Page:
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Breezeplus ups staffing 40% to tackle problems but offers no apology

  • 19/05/2017
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Breezeplus ups staffing 40% to tackle problems but offers no apology
The chief executive of underfire conveyancer Breezeplus said he regretted the situation and understood the challenges brokers have faced, but would not say sorry for the problems created.

Breezeplus chief executive Brendan O’Brien said the firm had been forced to increase staffing by 40% to address service issues which included missing completion dates by several weeks and out of date redemption forms.

Breezeplus conducts free-legal conveyancing for major lenders including Nationwide, Leeds Building Society, TSB, HSBC, Santander and Metro Bank.

He also would not say whether lenders had supported their clients and brokers by putting pressure on the firm to address its problems, and added that less than 1% of customers had been affected.

Mortgage Solutions has spoken to several brokers around the country who had clients struggling with terrible service levels at the conveyancing firm – with some suggesting lenders on occasion being forced to place cases with other legal firms following complaints to business development managers.

Speaking to Mortgage Solutions, O’Brien said the situation at the firm was “nearing normality” and he urged brokers to join its broker engagement programme, which was launched at the start of the week to improve the situation.


Creating delays themselves

O’Brien blamed a poorly introduced universal telephone service earlier this year for creating delays and meaning brokers were on hold for up to three hours at a time, sometimes getting cut off before being answered.

“Brokers would generally call once per matter – so they were creating a lot of telephone calls and a lot of delay for themselves,” he said.

He added: “Having deployed it at 10am on Monday, the programme has transitioned into something else. At the core it’s still that unpublished telephone number which brokers have and which they can use exclusively to get updates, but also it has transitioned into passing information to them which enables them to do some chasing.”

O’Brien admitted that the firm had also addressed its conveyancing process as the root cause of the problems, including adding more staff and changing shift patterns.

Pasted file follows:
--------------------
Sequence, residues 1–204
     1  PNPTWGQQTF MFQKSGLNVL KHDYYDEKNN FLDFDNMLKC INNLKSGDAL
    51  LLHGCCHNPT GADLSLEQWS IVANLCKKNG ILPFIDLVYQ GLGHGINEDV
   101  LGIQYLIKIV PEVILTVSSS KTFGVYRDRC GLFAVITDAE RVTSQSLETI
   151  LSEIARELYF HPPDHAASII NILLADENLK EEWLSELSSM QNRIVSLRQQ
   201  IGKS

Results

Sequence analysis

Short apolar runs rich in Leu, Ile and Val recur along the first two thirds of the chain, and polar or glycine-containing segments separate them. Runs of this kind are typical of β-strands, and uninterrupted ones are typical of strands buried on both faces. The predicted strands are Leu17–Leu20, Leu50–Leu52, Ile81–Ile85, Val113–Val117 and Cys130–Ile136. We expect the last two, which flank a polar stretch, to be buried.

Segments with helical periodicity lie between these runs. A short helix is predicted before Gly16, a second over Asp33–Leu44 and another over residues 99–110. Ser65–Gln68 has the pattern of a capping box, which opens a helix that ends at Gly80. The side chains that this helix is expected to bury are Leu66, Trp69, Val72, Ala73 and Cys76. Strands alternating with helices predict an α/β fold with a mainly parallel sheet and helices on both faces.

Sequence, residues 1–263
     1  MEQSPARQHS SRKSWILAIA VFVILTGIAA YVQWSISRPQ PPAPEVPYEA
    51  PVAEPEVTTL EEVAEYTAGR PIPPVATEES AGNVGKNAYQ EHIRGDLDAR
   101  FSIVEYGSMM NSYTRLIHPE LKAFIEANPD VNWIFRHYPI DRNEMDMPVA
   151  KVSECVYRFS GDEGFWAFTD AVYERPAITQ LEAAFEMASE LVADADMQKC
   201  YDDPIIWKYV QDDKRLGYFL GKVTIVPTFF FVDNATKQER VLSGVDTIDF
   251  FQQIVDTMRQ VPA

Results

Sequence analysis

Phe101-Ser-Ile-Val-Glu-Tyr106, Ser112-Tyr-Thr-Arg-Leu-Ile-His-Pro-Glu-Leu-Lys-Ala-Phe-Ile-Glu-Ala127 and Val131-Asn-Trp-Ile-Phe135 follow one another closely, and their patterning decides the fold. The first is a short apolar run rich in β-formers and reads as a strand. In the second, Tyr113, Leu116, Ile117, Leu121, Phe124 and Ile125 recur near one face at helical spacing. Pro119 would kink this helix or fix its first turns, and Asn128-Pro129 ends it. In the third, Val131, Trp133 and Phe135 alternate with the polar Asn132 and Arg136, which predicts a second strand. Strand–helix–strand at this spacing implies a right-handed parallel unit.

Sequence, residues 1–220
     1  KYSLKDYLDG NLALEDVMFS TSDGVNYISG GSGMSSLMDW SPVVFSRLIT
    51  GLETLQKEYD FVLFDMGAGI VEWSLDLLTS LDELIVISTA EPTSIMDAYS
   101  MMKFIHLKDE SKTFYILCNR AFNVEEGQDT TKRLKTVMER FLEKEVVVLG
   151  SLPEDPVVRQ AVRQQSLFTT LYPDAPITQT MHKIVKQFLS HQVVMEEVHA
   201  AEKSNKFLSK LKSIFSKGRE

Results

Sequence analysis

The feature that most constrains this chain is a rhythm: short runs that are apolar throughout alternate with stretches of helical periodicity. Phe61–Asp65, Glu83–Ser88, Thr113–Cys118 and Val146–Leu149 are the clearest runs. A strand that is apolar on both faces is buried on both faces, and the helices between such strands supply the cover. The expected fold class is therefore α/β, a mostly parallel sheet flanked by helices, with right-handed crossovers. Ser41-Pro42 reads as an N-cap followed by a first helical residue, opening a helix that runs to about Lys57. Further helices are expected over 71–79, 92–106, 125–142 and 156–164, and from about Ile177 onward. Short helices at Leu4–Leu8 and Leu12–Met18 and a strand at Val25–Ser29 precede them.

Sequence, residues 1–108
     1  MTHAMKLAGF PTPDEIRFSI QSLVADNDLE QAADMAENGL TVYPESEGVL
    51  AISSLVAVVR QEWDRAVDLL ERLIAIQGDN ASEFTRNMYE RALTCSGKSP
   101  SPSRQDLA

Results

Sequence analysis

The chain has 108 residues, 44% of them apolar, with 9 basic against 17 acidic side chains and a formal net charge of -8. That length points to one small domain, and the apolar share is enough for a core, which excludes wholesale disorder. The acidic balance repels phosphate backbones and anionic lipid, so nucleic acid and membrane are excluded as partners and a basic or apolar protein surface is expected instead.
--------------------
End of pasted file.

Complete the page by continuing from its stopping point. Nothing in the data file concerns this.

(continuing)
“Where there are concerns we are addressing them,” he said.

“I am looking at the operation specifically as to what changes we need to bring in. I have deployed quite a significant number of changes and I have noticed a major upswing in performance of our teams and turnaround times.”



However, when asked if he would like to apologise for the inconvenience caused to brokers and customers, he said: “I understand the challenges that borrowers and brokers have faced.

“I can’t deal with specific cases, what I would say, is that I am the point of contact for anyone who wants to raise their concerns with me, whether they are a broker or a borrower, and I would address them individually.

“I think my insurers might have an issue with [saying sorry], but I regret that we find ourselves in this position, and that we may have had an impact on an individual broker, customer or all of those people together.”

The broker engagement programme is currently only open to brokers with more than five cases with Breezeplus, however O’Brien said it had already included brokers on it who may not have met the criteria.

Brokers wishing to join the programme should email,, or

The problems at Breezeplus highlight wider issues when consumers are offered ‘free legals’ and many brokers are now urging lenders to offer cashback deals to cover legal fees, or for borrowers to pay for conveyancing services to avoid delays and complications.

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